Select Committee on Defence Fourth Report


247. Limiting the proliferation of weapons, from small arms to biological agents, is one of the major political issues of our time. It is, quite literally, a matter of life and death. Export controls are only a part of the solution, but are a crucial part of it. To be reasonably effective, such controls must be applied internationally, and countries must have the skills and resources to identify and to stop illicit exports. But, as international drugs trafficking shows only too clearly, it is unrealistic to expect legislation and border controls to do more than slow proliferation.

248. Over the last five years, we have probably given more sustained and detailed attention to the Government's policy and administration in the area of export controls than any parliamentary select committee has previously given to any specific area of policy. But few areas of policy have so deserved to be subjected to the searchlight of parliamentary scrutiny. Decisions in this area can affect the national security of our country, the ability of industry to trade competitively, whether distant parts of the world live at peace or at war, whether individuals live or die.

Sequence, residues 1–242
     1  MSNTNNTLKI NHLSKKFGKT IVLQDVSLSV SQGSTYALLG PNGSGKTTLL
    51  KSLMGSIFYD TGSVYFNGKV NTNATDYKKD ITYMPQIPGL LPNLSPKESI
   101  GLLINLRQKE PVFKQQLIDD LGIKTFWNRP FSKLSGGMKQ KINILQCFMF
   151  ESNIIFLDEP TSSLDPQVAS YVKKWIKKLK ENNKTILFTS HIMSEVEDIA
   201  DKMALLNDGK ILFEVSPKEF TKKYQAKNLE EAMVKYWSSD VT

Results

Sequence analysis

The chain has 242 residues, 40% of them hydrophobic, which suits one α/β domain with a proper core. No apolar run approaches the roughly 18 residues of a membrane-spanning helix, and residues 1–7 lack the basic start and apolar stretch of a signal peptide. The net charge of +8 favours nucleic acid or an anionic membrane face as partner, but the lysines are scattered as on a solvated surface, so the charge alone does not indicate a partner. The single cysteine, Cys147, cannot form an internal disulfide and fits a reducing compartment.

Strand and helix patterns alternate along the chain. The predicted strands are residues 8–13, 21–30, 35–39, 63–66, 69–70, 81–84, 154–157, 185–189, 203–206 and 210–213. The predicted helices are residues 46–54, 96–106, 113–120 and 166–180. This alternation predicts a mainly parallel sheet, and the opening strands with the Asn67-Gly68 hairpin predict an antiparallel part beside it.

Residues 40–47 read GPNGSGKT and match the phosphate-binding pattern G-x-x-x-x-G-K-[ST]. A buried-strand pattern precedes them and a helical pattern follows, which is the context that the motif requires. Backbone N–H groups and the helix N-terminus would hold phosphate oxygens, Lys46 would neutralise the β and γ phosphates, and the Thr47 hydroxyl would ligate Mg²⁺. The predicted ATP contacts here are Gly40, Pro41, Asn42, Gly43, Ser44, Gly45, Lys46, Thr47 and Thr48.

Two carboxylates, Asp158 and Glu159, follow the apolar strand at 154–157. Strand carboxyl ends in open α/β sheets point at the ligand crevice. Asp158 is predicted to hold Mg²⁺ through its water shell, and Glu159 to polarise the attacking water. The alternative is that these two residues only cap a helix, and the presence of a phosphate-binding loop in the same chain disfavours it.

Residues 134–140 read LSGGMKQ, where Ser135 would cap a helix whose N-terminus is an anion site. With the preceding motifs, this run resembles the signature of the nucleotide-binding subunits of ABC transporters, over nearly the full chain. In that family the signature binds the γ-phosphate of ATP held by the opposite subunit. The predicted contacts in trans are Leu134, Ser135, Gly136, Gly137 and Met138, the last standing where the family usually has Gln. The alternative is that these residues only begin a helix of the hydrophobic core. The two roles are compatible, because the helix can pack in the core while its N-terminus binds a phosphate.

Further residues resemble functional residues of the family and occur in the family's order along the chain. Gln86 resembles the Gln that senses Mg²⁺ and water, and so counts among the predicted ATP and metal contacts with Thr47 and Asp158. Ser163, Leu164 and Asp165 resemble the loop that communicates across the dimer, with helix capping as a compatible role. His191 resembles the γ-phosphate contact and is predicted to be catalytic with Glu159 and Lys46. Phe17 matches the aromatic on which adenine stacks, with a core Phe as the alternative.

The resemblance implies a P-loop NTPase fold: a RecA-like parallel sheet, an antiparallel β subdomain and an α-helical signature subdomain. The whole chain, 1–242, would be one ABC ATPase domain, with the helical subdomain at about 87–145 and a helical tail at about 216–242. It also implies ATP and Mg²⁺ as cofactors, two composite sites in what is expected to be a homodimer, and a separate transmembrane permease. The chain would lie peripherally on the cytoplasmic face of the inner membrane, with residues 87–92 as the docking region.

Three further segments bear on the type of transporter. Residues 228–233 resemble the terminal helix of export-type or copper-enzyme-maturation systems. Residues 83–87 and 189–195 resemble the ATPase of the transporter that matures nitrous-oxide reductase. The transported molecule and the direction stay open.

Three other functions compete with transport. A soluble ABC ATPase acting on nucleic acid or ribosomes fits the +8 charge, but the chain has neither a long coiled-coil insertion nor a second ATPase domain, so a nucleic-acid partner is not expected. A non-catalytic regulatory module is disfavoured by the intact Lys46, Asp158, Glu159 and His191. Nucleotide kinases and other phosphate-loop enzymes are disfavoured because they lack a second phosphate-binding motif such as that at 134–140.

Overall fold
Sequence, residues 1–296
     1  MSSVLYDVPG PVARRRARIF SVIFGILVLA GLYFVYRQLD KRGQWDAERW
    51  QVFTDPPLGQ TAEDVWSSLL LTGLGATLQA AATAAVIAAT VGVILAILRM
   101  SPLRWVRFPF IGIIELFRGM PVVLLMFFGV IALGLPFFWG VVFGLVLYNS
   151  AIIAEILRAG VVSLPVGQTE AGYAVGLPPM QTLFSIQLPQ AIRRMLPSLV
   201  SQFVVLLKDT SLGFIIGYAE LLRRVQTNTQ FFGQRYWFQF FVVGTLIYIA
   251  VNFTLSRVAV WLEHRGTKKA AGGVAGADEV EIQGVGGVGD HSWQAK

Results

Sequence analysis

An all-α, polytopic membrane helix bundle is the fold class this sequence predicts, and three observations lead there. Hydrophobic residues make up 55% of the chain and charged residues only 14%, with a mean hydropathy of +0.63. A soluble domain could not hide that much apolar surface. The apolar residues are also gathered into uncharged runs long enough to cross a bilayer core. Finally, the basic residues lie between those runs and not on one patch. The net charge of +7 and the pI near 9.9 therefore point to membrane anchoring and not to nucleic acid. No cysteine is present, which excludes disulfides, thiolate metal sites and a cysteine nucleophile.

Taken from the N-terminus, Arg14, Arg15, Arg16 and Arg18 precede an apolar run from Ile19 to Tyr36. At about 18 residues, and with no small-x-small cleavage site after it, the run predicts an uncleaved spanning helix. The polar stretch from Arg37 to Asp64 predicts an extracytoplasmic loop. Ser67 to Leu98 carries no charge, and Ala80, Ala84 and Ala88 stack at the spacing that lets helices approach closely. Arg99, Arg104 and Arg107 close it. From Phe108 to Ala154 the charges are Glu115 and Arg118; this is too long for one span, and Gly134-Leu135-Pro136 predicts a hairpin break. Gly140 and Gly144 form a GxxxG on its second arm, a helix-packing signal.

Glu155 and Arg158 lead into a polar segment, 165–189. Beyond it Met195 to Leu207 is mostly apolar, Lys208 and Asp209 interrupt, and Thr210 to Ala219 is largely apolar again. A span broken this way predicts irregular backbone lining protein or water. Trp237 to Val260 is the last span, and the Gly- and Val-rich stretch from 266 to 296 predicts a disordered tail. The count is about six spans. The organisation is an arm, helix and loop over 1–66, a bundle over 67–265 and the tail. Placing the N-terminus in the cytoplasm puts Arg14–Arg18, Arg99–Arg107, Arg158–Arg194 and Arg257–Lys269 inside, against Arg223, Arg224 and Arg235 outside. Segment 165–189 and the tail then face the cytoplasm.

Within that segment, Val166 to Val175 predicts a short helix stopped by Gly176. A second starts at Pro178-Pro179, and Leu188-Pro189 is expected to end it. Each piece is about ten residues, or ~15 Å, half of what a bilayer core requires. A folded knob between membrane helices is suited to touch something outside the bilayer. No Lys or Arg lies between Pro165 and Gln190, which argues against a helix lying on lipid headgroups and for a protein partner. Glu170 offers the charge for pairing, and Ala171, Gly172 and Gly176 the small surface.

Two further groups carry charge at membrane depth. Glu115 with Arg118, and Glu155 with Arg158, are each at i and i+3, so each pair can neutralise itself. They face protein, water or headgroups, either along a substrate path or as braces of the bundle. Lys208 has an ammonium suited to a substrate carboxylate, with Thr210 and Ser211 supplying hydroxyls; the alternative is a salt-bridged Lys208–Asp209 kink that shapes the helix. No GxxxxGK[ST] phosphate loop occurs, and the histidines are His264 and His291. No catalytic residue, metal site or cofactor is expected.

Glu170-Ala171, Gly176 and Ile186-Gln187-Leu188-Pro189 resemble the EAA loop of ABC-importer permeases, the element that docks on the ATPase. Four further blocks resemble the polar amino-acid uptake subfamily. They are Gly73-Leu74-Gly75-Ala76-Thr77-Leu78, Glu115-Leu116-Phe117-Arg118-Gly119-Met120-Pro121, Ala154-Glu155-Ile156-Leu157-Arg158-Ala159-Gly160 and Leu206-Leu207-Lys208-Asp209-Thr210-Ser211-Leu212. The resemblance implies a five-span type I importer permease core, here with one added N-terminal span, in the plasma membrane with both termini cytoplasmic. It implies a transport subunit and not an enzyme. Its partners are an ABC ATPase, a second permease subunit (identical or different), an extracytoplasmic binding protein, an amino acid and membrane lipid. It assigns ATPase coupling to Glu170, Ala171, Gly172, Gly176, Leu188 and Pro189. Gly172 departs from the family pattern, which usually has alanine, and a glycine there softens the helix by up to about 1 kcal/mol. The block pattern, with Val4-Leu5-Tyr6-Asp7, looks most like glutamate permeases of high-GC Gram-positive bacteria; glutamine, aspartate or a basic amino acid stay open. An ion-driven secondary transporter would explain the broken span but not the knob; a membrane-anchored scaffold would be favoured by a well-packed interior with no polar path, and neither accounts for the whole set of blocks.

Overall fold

249. Before we began our inquiries, this was an area of government best known for its secrecy. With the publication of Annual Reports on Strategic Export Controls, a little light has been visible from behind the closed door. But sometimes the impression of openness is misleading, and information has been published which has led commentators, quite reasonably, to the wrong conclusions.

250. Our task has been to ensure that secrecy is only maintained where it is genuinely justified. Secrecy engenders mistrust, and it is in the Government's interest to be as open as it can be in this area. As the Government has discovered, negative public comment will not be prevented by a lack of openness, or partial transparency. Our confidential investigations into the Government's decisions have suggested to us that the Government has little to be ashamed of. The prize of greater transparency is therefore one worth winning: the prize of public trust.

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Prepared 18 May 2004